Past research has also pointed out that the special day has become a major pillar of the economy.
Valentine’s Day has also paved the way for the business of greeting cards to become a multibillion-dollar industry worldwide. At the same time, countries such as Columbia, Ecuador, the Netherlands, and some countries in Africa make the bulk of their flower exports during Valentine season.
Data from the International Business Center and the Eli Broad College of Business at Michigan State University’s (IBC) globalEDGE, detailed that in 2019, over $20.7 billion was spent in the United States (US) to celebrate Valentine’s.
The National Retail Federation (NRF) in the US stated that consumers were expected to add $2.8 billion to the US economy last year after only 52 percent of the US adults said they plan to celebrate Valentine’s Day that same year.
“There is no question the pandemic has disrupted many aspects of Americans’ daily interactions and activities,” said NRF president and CEO Matthew Shay.
“However, there remains a special significance around Valentine’s Day, and consumers are committed to celebrating friends and loved ones, even if that means having to alter those traditional holiday celebrations.”
Valentines price tag
How much money are Filipinos willing to spend on Valentine’s Day?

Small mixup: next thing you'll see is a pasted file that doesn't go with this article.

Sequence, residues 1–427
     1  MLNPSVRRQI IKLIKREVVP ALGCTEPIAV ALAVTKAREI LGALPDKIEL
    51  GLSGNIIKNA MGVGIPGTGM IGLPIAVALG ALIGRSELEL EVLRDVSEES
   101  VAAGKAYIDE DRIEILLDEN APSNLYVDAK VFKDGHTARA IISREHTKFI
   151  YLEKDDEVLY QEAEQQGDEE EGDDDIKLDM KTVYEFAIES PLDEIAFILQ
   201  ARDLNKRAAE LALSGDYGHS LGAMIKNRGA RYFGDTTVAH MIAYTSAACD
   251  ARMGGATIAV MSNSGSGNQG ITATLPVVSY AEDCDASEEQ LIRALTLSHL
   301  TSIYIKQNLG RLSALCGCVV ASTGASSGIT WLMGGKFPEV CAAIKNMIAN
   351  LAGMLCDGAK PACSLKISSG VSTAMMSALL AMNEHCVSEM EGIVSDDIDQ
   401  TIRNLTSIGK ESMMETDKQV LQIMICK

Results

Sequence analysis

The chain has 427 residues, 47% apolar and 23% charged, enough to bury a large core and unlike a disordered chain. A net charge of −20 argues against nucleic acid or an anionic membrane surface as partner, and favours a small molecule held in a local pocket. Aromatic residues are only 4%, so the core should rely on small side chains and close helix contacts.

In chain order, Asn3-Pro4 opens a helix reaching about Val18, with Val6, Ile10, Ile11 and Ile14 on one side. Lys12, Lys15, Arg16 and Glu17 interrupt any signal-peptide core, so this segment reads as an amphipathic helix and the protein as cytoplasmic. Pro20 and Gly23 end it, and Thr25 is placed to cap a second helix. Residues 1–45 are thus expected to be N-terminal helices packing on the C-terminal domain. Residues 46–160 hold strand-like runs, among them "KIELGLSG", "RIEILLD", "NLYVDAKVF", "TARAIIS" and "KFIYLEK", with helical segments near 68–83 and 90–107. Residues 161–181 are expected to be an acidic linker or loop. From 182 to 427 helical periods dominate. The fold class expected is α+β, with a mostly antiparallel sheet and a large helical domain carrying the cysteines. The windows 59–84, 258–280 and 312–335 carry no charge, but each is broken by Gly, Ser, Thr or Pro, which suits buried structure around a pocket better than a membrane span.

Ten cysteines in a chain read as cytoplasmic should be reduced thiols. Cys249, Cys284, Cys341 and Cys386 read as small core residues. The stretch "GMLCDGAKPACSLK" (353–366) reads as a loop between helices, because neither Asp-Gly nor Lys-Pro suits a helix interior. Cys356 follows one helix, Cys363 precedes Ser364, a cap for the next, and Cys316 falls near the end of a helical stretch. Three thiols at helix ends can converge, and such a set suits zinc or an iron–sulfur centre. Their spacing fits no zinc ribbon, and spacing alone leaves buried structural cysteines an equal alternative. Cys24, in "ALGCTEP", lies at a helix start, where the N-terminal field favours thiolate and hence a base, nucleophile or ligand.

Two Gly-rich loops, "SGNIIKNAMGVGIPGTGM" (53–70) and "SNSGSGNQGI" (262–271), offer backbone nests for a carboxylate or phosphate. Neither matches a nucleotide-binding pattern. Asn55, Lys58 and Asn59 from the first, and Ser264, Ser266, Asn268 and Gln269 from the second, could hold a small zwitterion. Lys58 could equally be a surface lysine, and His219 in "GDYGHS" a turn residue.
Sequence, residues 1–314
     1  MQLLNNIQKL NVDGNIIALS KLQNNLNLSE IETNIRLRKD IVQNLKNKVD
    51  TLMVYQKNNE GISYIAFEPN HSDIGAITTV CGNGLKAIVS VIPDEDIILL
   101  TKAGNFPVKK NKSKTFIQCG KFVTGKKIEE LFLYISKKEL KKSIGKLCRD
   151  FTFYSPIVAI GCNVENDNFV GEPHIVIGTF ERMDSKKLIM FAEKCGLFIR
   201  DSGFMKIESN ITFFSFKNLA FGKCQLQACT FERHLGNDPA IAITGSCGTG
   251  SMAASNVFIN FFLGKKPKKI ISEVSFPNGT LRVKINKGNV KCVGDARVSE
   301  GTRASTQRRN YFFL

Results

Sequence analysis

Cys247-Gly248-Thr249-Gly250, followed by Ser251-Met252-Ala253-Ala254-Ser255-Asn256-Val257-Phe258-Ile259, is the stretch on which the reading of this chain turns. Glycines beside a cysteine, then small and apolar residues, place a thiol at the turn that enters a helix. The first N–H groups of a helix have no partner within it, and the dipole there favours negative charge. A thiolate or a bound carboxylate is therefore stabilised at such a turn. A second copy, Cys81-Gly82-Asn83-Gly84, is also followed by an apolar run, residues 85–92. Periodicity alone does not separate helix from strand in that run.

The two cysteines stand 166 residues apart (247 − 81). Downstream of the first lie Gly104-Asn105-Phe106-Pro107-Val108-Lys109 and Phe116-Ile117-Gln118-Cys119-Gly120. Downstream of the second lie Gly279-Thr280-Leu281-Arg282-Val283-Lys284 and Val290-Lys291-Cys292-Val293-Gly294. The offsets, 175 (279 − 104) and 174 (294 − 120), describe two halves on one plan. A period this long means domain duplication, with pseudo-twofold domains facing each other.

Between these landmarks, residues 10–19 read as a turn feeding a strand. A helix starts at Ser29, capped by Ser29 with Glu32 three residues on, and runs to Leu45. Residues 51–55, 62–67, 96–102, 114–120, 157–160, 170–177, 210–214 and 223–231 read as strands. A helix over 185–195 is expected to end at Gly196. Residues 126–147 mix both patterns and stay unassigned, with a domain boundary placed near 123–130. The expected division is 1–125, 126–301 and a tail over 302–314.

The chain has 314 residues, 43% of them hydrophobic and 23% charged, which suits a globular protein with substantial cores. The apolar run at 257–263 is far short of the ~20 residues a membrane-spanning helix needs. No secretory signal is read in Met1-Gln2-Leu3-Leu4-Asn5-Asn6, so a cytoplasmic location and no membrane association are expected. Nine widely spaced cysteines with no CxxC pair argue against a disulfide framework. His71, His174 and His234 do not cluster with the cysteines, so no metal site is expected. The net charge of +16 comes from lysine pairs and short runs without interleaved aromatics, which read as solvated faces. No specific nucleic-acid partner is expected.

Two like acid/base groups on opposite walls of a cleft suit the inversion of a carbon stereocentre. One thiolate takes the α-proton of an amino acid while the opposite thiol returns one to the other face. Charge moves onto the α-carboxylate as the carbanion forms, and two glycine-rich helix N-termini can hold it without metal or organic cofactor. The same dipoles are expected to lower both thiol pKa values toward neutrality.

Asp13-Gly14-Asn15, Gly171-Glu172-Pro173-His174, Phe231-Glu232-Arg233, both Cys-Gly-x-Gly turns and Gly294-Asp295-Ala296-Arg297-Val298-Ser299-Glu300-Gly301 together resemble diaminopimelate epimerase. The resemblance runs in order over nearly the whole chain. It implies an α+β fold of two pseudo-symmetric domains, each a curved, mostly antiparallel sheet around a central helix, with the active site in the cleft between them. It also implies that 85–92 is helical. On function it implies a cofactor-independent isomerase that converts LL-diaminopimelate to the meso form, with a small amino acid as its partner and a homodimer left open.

Data analysis website Picodi.com has calculated that this year, Valentine’s Day date in Manila—which consists of a dinner for two in a mid-price restaurant with wine and cinema screening—would cost a total of P3,290.
Among the cities around the world that were included in Picodi.com’s analysis, Manila was in the “cheaper half of the ranking”–in 12th place from the bottom.
In 2019, the website also found in a study that on average, Filipinos spend up to P1,759 on gifts. While the price tag might seem on the higher level, the study noted that it was the lowest amount spent on gifts compared to the other 37 countries included in the list.
When it comes to Valentine’s Day gifts, most women—around 46 percent—surveyed in 2019 listed flowers as one of the most desirable gifts during the yearly occasion.